As parts of Britain bask in a heatwave, Southern Electric Power Distribution is preparing for a surge in demand.
With the mercury set to inch past 30 degrees Celsius, homeowners and businesses alike will be cranking up air conditioning units and fans to stave off the stickiness.
In response, SEPD has factored into its daily operations the extra amount of power that will flow through thousands of miles of its overhead wires and underground cables across central southern England.
The peak demand caused by the heatwave is expected to be around 4,000 MW, which is as much as two-thirds the amount of electricity used during an extremely cold winter, according to SEPD.
System Planning and Investment Manager, John Smart, said. “People are often surprised to learn that for some of our main substations, particularly in urban areas, their busiest period is over the hot summer months rather than the freezing winter.”
Today will be the hottest day of the year so far as temperatures are predicted to rise above 30C (86F), spelling trouble for rail services and people with respiratory problems.
Sweltering conditions have led rail companies to cancel services as Network Rail warned tracks could buckle in the heat.
Several fast trains from London Paddington were cancelled after Network Rail imposed speed restrictions to protect track points.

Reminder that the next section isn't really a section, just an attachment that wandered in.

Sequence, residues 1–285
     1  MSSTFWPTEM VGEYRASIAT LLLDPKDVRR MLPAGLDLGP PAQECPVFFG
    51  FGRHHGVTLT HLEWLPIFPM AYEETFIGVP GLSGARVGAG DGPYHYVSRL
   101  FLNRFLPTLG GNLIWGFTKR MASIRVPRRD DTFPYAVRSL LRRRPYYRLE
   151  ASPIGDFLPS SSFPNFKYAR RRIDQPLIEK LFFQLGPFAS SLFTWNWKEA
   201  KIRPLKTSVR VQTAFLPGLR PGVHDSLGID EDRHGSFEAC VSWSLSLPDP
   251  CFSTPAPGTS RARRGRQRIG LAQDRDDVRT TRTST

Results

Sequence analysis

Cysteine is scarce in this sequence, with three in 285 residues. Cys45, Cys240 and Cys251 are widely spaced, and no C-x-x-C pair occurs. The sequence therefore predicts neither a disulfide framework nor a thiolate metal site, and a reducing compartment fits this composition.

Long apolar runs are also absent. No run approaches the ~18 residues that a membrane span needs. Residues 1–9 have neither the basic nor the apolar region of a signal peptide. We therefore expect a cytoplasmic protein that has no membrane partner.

The rail operator instructed train companies to slow down at vulnerable locations where tracks could buckle.
Vicky Barber from the British Lung Foundation Helpline said: "During hot weather, the air we breathe has lower moisture levels than usual, which can have a drying effect on our airways.
"As a result, people with respiratory conditions such as COPD or severe asthma may find it harder to breathe, feel more tired, or find their lungs feeling heavy or tight."
The sharp rise in temperatures this week is set to bring with it a sudden spike in pollen count and UV levels, a meterologist has warned.
Paul Knightley, forecast manager at Meteogroup, also thinks that dust blown over from the Sahara could coat cars.
He said: "UV levels will be about as high as they can be - up to eight in southern areas."
Animal welfare officers from Brighton & Hove City Council have issued the following warnings for dog owners in readiness for the predicted heatwave:
· Never leave your dog in the car, even with a window open
· Welfare officers take a ‘zero tolerance’ approach and will not hesitate to get the dog out
· Avoid taking your dog out in the middle of the day – change your routine if necessary
· Remember hot pavements can burn dogs’ paws
· During the hottest part of the day keep your dog indoors with plenty of water
· Never leave your dog shut in a conservatory – they can become as hot as cars
The extremes of our summer weather - from high temperatures to prolonged rainfall - bring their own problems for the rail network such as the risk of lineside fires and buckled track. Network Rail have information about how they prevent tracks buckling in the heat.
What a beautiful dog! Thor is considering a walk outside. For now, he's staying out of the heat.